Conducting collaboration

'I learn something from every musician'

Sameer Patel, photography by Ellie Bogue

In his three years with the Fort Wayne Philharmonic, associate conductor Sameer Patel has become an increasingly familiar face in the community. Beyond the Philharmonic’s own season schedule, he can also be seen conducting performances with other organizations, such as the recent production of “Romeo & Juliet” with Fort Wayne Ballet, or working with the Fort Wayne Children’s Choir. In a relatively short time, Patel has distinguished himself as a unique and popular addition to the Philharmonic family.

As a piano student in Michigan, his plan had always been to study music at University of Michigan, which he did, earning undergraduate and graduate degrees there. In doing so, he put together a degree in conducting, which didn’t actually exist.

“A couple of people before me had put together that degree so I rode their coattails and put something together for myself. I knew in high school that I wanted to conduct, and I had an extraordinary high school band teacher who had shown what good you could do in a position like that. It just seemed a natural direction for me to take my musical career.”

He concedes that a degree can only prepare someone for a career in conducting to a point, that much of what’s needed is learned by doing. “School can teach you how to study the music and the technique of conducting. It can’t teach you the leadership skills that are needed to lead an orchestra. But I’ve been very fortunate in my three years with the Philharmonic in that every rehearsal I learn something from every musician in the orchestra.”

That sense of collaboration, one which he defines as a “partnership,” is where Patel reveals his passion for the music itself, which he sees as key centerpiece of each performance.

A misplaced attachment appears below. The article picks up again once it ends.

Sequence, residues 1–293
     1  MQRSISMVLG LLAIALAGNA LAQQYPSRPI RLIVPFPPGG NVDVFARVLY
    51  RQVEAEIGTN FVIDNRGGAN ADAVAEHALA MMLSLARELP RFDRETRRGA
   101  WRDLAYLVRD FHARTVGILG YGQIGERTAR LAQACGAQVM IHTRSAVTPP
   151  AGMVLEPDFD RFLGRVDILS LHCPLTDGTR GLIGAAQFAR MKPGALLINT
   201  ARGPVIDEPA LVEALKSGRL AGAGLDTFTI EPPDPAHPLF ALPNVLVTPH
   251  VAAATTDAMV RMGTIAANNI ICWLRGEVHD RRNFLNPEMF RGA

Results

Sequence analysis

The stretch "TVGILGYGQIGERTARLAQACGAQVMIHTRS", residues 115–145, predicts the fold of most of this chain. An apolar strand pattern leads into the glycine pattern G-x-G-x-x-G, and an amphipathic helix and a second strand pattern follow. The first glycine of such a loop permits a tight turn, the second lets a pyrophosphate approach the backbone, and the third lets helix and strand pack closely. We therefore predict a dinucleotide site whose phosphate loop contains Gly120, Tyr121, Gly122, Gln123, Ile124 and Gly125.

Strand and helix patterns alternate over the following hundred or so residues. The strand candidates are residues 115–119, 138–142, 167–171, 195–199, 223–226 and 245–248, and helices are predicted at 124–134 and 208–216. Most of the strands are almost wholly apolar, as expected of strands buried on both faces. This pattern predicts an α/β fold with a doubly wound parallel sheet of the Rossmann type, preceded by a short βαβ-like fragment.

“It’s important to embrace what the musicians bring to it, their experience and ideas, so that you’re shaping the performance together rather than me imposing my will on them. The audience doesn’t see the rehearsal process where the orchestra and I work together to create a mutual vision of the music that will be performed.

Patel begins studying the music months in advance – by February he was already deeply involved with music for an October guest performance with the Knoxville Symphony Orchestra – and it is there where the vision begins. But he always looks forward to his time with the other musicians, which often include the Fort Wayne Philharmonic but can also include any number of other orchestras where he appears. Still considered a young conductor (“You’re generally always considered a young conductor until you’re in your 50s”), he savors each opportunity to work with his colleagues and to take that music to an audience.

First appeared in the May 2014 issue of Fort Wayne Monthly.


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